Politics

City's health plan risks reverting to safety net for poor

Angela Hart, SF Public Press — Mar 15 2012 - 9:26am

Local, state officials must develop new models for care by 2014

This story appeared in the Spring 2012 print edition of the San Francisco Public Press.

San Francisco’s experiment in universal health care, which grew over the last five years to cover an estimated 85 percent of the city’s uninsured, may need to partly return to its origin as a network of safety net clinics and hospitals for the poor as national reforms syphon off middle-class patients. Healthy San Francisco provides medical services to more than 50,000 city residents. But the program could take a financial blow within the next two years as cities and counties adapt to national health reform.

Same-sex marriage takes the day as court calls Prop. 8 unconstitutional

Kristine Magnuson, SF Public Press — Feb 8 2012 - 12:20am
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Same-sex marriage proponents celebrated an important victory Tuesday in San Francisco following the 9th Circuit Court’s ruling that Proposition 8 was unconstitutional. Backers of Proposition 8 were expected to appeal, either by asking for a review by a full panelof the court or by appealing directly to the U.S. Supreme Court.

Ordinance would put restrictions on Castro District plazas

T.J. Johnston, SF Public Press — Jan 26 2012 - 2:13pm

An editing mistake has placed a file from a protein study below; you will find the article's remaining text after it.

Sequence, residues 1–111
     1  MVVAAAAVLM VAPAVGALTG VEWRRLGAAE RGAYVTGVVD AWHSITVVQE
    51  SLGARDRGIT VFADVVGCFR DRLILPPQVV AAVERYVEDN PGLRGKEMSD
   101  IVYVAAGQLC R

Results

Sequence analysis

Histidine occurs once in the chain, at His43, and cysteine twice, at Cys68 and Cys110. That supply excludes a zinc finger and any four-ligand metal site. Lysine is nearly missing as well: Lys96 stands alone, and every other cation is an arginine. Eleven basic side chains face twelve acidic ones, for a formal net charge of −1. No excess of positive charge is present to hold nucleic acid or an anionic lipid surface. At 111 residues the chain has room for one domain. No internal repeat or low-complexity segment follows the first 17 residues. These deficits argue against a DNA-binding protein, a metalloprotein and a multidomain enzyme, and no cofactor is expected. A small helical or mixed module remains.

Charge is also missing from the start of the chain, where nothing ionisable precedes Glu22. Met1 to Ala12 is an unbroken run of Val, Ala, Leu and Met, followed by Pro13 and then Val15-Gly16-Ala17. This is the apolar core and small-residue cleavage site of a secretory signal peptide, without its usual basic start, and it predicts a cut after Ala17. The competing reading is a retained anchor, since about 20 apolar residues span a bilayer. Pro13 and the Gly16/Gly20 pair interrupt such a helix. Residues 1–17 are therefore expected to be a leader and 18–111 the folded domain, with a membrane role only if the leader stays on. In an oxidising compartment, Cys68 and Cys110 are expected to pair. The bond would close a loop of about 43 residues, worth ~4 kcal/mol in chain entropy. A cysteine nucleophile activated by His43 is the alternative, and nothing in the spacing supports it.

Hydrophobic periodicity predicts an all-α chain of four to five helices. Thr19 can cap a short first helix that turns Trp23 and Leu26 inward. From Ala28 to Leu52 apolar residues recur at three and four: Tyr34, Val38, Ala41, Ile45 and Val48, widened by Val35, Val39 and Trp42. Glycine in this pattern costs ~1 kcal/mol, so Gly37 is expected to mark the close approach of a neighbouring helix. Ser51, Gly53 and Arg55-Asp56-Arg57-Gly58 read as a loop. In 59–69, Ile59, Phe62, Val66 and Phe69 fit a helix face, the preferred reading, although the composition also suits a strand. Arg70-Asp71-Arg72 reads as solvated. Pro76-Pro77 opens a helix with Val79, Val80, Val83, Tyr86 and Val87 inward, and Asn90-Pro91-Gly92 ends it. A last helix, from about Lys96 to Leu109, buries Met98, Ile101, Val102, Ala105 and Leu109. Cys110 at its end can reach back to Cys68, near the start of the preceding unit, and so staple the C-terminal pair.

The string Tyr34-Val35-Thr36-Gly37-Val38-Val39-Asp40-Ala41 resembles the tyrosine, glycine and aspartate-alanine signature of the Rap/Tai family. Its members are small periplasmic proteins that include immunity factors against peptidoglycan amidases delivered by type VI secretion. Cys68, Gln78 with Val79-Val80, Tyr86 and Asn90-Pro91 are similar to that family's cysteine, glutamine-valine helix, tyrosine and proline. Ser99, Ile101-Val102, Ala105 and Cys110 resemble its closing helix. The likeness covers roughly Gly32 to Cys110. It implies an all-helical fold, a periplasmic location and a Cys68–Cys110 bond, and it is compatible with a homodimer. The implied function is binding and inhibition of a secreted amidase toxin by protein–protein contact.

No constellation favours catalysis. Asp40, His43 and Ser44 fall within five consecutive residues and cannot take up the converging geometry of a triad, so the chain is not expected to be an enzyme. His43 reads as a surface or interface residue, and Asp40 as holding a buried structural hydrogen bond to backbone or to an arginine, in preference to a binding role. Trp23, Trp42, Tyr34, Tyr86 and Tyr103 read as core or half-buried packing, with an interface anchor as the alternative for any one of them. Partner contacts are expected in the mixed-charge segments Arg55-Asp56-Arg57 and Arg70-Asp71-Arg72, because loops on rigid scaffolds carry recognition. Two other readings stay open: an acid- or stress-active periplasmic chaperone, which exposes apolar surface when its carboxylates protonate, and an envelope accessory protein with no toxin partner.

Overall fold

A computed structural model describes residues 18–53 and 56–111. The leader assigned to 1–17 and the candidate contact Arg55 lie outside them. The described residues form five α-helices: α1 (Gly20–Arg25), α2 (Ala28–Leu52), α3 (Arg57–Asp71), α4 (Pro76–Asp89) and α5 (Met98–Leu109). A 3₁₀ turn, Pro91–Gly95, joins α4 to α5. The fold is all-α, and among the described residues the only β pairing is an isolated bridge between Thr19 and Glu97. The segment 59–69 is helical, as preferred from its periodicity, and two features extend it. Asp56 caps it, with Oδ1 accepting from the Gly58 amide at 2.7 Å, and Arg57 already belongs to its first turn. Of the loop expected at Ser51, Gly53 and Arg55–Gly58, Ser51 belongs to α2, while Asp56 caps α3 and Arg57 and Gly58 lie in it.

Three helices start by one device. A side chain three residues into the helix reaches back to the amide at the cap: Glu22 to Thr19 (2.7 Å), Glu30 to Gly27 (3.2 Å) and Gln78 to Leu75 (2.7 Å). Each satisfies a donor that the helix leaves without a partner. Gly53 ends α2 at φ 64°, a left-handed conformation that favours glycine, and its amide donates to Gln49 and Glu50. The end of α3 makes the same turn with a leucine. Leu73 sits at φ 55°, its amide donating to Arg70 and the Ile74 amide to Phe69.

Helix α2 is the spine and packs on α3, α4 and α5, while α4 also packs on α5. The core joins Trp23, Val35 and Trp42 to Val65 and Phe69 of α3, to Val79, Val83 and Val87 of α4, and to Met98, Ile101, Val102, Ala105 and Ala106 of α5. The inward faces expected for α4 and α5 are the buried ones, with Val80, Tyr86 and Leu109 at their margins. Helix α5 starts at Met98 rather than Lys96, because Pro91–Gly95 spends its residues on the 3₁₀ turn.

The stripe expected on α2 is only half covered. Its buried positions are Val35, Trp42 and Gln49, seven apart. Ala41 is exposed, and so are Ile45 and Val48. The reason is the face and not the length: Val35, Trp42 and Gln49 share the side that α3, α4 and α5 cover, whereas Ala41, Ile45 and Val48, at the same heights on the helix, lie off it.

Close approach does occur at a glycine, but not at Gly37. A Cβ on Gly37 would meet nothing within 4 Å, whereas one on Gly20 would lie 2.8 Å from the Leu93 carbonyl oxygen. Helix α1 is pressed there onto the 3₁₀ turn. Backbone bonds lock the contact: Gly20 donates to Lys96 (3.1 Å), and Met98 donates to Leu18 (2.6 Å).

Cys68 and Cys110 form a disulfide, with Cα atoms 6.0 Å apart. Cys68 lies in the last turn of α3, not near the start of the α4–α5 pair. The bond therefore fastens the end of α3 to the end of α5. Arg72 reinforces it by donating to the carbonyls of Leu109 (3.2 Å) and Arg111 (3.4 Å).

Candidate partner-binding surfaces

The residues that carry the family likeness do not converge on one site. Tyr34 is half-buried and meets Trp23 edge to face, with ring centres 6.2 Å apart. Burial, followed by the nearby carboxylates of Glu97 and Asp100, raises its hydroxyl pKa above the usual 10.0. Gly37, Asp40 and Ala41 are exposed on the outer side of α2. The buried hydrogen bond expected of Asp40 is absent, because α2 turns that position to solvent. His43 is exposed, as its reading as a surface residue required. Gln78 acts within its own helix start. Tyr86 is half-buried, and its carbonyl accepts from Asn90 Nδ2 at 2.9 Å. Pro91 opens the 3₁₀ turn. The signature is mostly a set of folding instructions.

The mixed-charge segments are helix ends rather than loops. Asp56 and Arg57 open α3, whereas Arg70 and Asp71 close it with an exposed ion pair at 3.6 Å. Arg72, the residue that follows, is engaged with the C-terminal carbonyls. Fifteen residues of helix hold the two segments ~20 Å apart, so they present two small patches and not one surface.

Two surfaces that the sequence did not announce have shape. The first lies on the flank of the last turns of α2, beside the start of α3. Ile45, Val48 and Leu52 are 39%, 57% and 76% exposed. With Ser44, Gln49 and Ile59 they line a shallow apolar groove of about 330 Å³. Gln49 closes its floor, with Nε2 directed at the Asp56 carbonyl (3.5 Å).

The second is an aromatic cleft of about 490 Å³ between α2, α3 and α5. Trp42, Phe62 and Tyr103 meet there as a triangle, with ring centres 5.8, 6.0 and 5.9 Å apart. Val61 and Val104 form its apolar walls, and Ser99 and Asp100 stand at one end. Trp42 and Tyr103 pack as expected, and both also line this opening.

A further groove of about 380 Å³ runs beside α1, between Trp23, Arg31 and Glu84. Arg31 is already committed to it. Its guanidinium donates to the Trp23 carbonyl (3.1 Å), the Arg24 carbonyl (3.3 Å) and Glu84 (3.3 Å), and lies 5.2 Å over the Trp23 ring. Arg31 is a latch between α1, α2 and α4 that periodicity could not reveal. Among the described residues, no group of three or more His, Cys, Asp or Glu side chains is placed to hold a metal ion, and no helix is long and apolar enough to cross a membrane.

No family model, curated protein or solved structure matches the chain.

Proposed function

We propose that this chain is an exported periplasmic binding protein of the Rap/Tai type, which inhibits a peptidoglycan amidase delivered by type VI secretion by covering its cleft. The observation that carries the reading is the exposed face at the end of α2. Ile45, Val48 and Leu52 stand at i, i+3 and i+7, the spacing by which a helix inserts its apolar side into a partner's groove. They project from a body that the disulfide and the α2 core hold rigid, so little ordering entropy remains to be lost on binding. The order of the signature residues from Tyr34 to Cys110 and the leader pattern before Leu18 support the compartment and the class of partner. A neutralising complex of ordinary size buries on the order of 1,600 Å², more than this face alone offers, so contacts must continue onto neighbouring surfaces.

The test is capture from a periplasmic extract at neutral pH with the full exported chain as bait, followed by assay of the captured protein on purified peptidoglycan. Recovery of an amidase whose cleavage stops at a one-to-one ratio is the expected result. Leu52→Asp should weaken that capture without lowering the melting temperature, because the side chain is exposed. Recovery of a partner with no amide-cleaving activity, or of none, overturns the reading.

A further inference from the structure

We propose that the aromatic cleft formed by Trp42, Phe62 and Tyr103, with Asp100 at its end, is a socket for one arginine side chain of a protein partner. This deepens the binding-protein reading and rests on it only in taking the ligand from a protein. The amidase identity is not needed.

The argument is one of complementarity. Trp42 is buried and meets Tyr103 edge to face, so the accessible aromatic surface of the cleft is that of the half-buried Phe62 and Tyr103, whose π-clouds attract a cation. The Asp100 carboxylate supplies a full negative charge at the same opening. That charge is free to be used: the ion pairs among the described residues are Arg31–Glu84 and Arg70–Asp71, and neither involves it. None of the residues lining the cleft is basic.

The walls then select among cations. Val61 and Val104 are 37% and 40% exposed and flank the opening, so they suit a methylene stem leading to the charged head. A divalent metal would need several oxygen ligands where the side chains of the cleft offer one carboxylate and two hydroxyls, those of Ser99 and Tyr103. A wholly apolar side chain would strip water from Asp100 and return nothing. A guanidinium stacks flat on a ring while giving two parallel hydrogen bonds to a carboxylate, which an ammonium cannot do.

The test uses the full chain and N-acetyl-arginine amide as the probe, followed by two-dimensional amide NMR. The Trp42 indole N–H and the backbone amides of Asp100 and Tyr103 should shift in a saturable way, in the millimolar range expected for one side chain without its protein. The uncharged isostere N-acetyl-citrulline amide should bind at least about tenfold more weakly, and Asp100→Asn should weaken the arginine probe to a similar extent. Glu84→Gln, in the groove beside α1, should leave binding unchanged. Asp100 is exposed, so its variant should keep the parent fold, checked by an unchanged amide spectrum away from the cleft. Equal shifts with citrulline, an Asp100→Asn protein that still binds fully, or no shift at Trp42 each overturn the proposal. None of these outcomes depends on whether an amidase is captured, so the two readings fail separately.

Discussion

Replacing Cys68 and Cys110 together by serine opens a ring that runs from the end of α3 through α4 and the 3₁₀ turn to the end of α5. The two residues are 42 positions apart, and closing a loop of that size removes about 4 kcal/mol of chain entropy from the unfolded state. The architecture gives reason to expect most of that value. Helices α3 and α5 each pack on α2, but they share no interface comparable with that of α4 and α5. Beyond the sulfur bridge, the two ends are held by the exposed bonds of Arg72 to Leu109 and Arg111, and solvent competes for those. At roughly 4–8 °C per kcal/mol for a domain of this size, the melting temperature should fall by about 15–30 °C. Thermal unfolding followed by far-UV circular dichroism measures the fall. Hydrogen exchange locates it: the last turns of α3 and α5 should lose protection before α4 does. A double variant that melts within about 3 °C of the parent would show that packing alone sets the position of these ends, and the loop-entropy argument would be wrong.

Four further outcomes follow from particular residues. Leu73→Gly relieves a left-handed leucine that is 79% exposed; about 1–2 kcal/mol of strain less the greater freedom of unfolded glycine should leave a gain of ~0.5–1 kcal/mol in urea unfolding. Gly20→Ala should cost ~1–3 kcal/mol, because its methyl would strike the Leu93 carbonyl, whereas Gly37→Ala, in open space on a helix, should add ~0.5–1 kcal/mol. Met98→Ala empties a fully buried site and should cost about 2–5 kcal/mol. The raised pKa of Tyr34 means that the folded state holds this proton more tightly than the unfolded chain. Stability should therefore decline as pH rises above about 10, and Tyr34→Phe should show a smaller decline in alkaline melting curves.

A proposal to regulate two popular Castro District hangouts by restricting chairs and shopping carts is a step closer to becoming city law. The Board of Supervisors will decide Tuesday on an ordinance, which passed the Land Use Committee this week, that would ban nighttime sitting, sleeping, vending, smoking and even pushing a shopping cart in Harvey Milk and Jane Warner Plazas.

Advocates launch campaign to get anti-trafficking bill on state ballot

Elena Shore, New America Media — Jan 12 2012 - 12:43pm
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A campaign to get a new measure on the November ballot that would increase penalties against human traffickers in California launched Wednesday in San Francisco. The campaign, announced on National Human Trafficking Awareness Day, requires 800,000 signatures to make it into the state ballot. The California Against Sexual Exploitation (CASE) Act would increase prison terms and fines for human traffickers (up to $1.5 million, which would go to fund victim services), remove barriers to prosecute child sex traffickers, require convicted sex traffickers to register as sex offenders and disclose their Internet accounts, mandate training for law enforcement officers, and prohibit the use of the sexual history of trafficked victims in court.

Muni chief optimistic despite projected budget shortfall

Jerold Chinn, SF Public Press — Nov 14 2011 - 6:40pm

Muni is projecting close to an $80 million budget deficit by 2013-2014. The agency released its preliminary budget report Monday. Despite the shortfall, Muni wants to change the minds of riders and drivers who are skeptical that the service can be reliable and on time. The San Francisco Municipal Transportation Agency, which oversees Muni, has drafted goals for the next six years that Muni chief Ed Reiskin calls  “ambitious.”